except fat. In bread production, nonfat dry milk style A
should be used, as this milk is designed specifically for
achieving volume, flavor, and crust characteristics
desirable in yeast breads. Dry milk can be added by
mixing or sifting the milk and flour together, or it can
be reconstituted with part of the water in the bread recipe
and added to the dough. In either event, it is important
that there are no lumps of milk powder in the dough.
The amount of milk used in the dough can be as high
as 6-percent nonfat dry milk based on the weight of the
flour. The use of more than 6-percent dry milk in the
bread dough is detrimental to fermentation. Milk
improves the texture, flavor, and keeping quality of
EGGS. Eggs are not used in making white bread
but are used in making sweet doughs, cakes, and
cookies. In baked products, eggs supply a high protein,
mineral, and vitamin content. The yokes add color, the
whites help bind other ingredients, and both combine to
add flavor and moisture to the bread.
Fresh eggs should be removed from the refrigerator
and warmed to room temperature before they are used
in dough. Frozen eggs should be completely defrosted
before they are added to the dough and should be well
mixed. Dehydrated egg mix may be sifted with the dry
ingredients in some baked products containing a high
percentage of dry ingredients; the water needed to
reconstitute eggs should be added to the required liquid.
Reconstituted eggs should be used within 1 hour after
they are reconstituted or returned to the refrigerator until
they are to be used. Do not hold them overnight.
Leavening agents are gases that cause the dough to
rise. The gases are produced by chemical action or
introduced by the mixing process, which forces air into
the dough. The common types of leavening agents are
steam, air, and carbon dioxide gas. These agents are
produced by yeast or bating soda or baking powder.
AIR. Air is introduced into the dough by blending
(creaming) fat and sugar together, by sifting flour, or by
folding in beaten egg whites that already contain air.
Steam is used to leaven eclairs and cream puffs.
YEAST. Yeast is a microscopic, one-celled plant
that, when conditions are favorable, will multiply by
budding or by the division of a cell into two cells. In
this process of reproduction, the yeast plant uses
available food (sugars) to produce carbon dioxide gas
and alcohol. This is known as fermentation.
ACTIVE DRY YEAST. Active dry yeast should
be suspended in about seven times its weight of water
at 105°F to 110°F for 5 minutes before it is used. The
proper temperature of the water is important, as water
that is too cold or too hot will harm the yeast. Make sure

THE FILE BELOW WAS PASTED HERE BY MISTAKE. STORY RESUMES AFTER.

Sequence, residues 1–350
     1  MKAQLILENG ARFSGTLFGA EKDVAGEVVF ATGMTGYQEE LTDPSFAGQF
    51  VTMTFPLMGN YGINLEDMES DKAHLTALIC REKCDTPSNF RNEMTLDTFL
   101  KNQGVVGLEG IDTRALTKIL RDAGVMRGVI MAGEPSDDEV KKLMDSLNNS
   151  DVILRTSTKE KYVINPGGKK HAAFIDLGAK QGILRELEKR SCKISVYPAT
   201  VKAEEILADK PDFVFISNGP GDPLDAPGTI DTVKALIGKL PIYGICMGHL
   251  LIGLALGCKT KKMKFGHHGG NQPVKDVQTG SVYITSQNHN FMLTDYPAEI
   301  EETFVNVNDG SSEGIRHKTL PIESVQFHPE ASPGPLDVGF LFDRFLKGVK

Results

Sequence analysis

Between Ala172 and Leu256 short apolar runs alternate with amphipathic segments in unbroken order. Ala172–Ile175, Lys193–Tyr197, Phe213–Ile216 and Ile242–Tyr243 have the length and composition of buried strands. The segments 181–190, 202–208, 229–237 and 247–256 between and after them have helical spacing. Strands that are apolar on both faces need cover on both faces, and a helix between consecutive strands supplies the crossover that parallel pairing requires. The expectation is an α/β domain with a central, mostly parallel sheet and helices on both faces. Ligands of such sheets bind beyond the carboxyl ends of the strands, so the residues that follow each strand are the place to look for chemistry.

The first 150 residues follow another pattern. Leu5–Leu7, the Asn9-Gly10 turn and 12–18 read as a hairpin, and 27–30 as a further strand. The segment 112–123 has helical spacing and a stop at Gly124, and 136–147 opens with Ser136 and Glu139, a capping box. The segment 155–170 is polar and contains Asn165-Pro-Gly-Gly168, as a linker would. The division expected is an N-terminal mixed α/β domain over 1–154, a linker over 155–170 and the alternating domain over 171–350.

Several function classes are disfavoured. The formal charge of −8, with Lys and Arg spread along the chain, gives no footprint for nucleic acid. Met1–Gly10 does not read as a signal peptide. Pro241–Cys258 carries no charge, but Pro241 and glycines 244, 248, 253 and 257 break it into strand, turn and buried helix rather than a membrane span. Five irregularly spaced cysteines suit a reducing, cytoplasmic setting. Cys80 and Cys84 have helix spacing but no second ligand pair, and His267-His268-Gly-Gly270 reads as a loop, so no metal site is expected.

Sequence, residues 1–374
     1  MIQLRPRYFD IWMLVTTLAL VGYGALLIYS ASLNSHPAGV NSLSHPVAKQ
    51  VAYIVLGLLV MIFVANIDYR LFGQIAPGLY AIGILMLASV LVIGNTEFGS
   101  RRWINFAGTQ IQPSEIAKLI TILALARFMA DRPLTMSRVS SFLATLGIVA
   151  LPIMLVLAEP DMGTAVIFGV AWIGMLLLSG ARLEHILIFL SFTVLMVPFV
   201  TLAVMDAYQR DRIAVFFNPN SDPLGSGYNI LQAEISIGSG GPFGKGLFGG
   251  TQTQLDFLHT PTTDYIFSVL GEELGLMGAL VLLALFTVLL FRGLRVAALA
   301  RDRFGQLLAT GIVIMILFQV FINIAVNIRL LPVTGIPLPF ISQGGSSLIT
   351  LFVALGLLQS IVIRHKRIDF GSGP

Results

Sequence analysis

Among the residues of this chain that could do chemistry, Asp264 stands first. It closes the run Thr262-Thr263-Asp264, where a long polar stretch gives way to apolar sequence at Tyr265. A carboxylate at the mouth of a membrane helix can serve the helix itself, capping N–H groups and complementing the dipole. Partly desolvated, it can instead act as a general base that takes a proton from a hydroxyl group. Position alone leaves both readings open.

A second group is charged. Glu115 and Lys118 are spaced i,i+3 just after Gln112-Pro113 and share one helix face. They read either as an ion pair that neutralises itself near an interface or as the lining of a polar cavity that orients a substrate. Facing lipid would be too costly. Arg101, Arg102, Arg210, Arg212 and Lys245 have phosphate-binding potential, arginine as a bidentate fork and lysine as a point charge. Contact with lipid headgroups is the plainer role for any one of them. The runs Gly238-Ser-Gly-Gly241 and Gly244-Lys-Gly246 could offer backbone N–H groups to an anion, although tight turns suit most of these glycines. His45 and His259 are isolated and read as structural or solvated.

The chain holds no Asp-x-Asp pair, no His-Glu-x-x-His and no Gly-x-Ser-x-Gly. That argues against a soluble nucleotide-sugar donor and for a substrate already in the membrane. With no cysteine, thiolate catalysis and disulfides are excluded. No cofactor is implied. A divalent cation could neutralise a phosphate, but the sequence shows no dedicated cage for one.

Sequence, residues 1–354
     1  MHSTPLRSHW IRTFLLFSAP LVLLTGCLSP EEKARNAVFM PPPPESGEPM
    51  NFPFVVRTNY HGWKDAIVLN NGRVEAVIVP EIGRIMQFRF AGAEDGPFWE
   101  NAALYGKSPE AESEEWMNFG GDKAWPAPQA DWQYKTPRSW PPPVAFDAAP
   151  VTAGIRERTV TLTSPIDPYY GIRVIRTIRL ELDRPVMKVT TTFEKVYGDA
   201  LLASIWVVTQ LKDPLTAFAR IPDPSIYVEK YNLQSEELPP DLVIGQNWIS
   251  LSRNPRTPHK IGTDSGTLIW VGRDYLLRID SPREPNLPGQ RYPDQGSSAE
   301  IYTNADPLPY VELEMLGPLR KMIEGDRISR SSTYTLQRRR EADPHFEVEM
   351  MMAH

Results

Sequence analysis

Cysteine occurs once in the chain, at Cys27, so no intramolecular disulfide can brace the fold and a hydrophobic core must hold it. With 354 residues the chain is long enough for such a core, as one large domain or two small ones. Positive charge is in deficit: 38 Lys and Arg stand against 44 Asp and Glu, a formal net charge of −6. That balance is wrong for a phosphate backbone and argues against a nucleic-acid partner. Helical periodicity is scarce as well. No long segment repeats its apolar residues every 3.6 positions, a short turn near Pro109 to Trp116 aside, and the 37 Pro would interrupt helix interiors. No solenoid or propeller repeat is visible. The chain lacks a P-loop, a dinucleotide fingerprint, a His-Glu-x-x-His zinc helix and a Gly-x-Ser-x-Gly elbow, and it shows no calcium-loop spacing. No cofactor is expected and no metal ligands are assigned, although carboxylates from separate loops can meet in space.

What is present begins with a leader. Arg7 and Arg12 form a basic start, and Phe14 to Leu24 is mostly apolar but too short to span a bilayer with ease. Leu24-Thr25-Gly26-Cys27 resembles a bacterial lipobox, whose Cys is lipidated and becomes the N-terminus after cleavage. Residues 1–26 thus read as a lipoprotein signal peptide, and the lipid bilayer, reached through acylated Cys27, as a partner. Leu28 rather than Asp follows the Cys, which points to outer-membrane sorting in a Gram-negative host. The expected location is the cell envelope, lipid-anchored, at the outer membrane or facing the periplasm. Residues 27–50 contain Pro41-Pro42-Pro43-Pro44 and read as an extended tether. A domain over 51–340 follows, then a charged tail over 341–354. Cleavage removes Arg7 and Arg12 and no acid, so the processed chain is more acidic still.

the temperature of the water does not exceed 110°F.
Active dry yeast does not require refrigeration, but
should be stored in a dry and reasonably cool place.
When properly stored, dry yeast will keep for many
Yeast foods, known as dough conditioners, have
other more important functions than to supply food for
yeast. Their major purposes are to condition the water
and to assist in the proper fermentation of the dough.
Yeast foods contain three types of functional
Ammonium salts to supply yeast with a supply
of nitrogen for growth
Calcium salts to produce the correct amount of
hardness in the dough water and to firm the
An oxidizing agent to give a firmer, less sticky
addition, yeast foods contain starch and salt to
add bulk and make weighing easier. The use of yeast
foods is often determined by the strength of the flour and
the fermentation period desired. Not all flours require
yeast food. When the flour requires such material, its
addition produces bread of larger volume, better grain
and texture, and improved loaf appearance. Too much
will produce inferior bread with low volume and coarse
BAKING SODA. Baking soda acts as a
leavening agent only when there is an acid present.
Some of these acids are sour milk or buttermilk,
molasses, brown sugar, honey, corn syrup, maple syrup,
lemon juice, and vinegar. These are used for different
types of quick bread. Only a limited quantity of the acid
ingredients can be used for leavening purposes due to
the pronounced flavor and heavy texture that baking
soda and molasses or syrup give to the products. It is
also difficult to determine beforehand the amount of gas
that these mixtures will produce. Thus, it is difficult to
obtain standard results.
BAKING POWDER. Baking powder is a
leavening agent that contains baking soda, a large
amount of starch, and a material that forms an acid when
it is mixed with water, thus producing a gas. There are
several types of baking powder. The Navy uses a